Before we sent out the C Interview, Chen Wei told me about a book shop nearby that might like to collaborate with us.  He knows the owner, but has not done any collaborative working with them before.  It turned out that when we launched the C Interview they contacted us, rather than the other way round.  We went to visit the book shop, which is really beautiful, with a coffee shop and also arty books and gifts.  The bookshop run workshops and present talks sometimes as well, relating to paper mainly I think.  They came to meet with us yesterday and we agreed that we would do a talk there on Sunday 13th where we will also let the attendees have a little go at quilling, but they cannot do a workshop because there may be 60 (!!!!!) people coming to the talk.  The bookshop also advertised the workshop that I am doing at C Platform, so this will bring new audiences and contacts to C Platform.  Chen Wei feels it is important that C Platform are given recognition for talk I am providing at the bookshop and I agree with him.  C Platform offer the public something for free but it is also a way strengthen their brand and important that they don’t miss the opportunity.

Branding is in fact extremely important to C Platform and Chen Wei, something I am beginning to realise more and more.  It is the Chinese way of course; the public face is so important.  There was a lot of focus put on the poster design for my workshop.  Yi, the C Platform designer who made it, spent a long time designing it and went through more than one design and a lot of alteration on this design, with instruction from Chen Wei, before it was finally finished last night.  The workshop is on Sunday and I was worried that it would be too short notice, but it seems not for China, (a combination of everything happening last minute and there not being many opportunities for free workshops like this here) as we already had over 30 people wanting to book on and there are only 20 spaces.

So here is the beautiful poster and some advertising images.  C Platform always gets complimented on their posters and Chen Wei has very refined taste, which is reflected in the presentation of C Platform as a whole.  Going back to the brand being so important, The workshop will last 1 day and 20 people will come, but the poster will last forever.

 

 

We visited a printing factory this week to see if they can help us with finding some big paper.  Chen Wei knows the guy who owns it.  It seems in China that business is never done straight forward on the phone, instead you go and see someone, you first have tea, and in Fujian province you have it Fujian style, sort of like a ritual; boil water in portable mini kettle, pour hot water in the cups to clean/warm them, throw away, pour hot water on the tea to clean it, throw away, pour more hot water on the tea to brew it, pour into tiny ceramic cups, sip the tea making slurping noises, have more tea, have more tea… It is a beautiful thing actually.  Some people have a ceramic toy on their tea tray.  The tray is there to catch all the water you keep chucking away.  I think it was explained to me that if you pour water on the toy and the water evaporates then you know it is hot enough.  Chen Wei has one as part of his tea set which has glaze that will crack over time as you keep pouring the hot water on it.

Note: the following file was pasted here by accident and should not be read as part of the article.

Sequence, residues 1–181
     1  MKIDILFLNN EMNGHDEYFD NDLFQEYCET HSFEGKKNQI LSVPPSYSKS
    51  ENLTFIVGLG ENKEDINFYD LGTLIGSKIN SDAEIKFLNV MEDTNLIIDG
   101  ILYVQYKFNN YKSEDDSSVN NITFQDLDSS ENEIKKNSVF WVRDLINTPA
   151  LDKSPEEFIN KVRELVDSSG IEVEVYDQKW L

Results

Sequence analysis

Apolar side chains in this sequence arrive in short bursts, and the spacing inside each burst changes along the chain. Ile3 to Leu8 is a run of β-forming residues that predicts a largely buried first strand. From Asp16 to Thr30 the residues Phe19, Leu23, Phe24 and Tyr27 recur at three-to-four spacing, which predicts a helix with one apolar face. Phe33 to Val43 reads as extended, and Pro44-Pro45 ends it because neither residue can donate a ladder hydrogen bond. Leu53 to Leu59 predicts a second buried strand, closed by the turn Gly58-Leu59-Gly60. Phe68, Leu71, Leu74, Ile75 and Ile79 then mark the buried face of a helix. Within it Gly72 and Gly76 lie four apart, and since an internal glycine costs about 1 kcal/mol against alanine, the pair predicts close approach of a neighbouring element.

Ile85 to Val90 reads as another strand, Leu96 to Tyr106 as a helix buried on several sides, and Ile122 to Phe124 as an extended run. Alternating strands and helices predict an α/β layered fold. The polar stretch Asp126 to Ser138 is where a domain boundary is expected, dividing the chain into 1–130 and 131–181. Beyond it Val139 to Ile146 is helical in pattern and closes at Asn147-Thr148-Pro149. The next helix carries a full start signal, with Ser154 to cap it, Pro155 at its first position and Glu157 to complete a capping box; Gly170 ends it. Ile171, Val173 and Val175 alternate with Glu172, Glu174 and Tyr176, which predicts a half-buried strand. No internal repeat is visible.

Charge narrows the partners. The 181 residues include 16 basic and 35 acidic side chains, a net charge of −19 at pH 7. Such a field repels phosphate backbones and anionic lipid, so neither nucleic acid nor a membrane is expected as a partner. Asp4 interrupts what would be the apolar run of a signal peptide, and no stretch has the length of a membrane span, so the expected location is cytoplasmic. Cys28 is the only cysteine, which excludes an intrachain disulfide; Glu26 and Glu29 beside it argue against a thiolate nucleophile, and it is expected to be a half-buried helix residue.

So we had tea and the two print factory men did not acknowledge me at all and neither did this happen the whole way through the visit.  I never know if this is because China is a man’s world and I was not important or for some other reason, of which there could be plenty.  There are some things I still need to understand.  At the print factory they didn’t have any scrap paper that was any good but they did have a massive guillotine, more than double the size of the one my parents used to own.  We have ordered some massive sheets of paper and they will be cut into really wide strips on the guillotine, to be used for the workshop.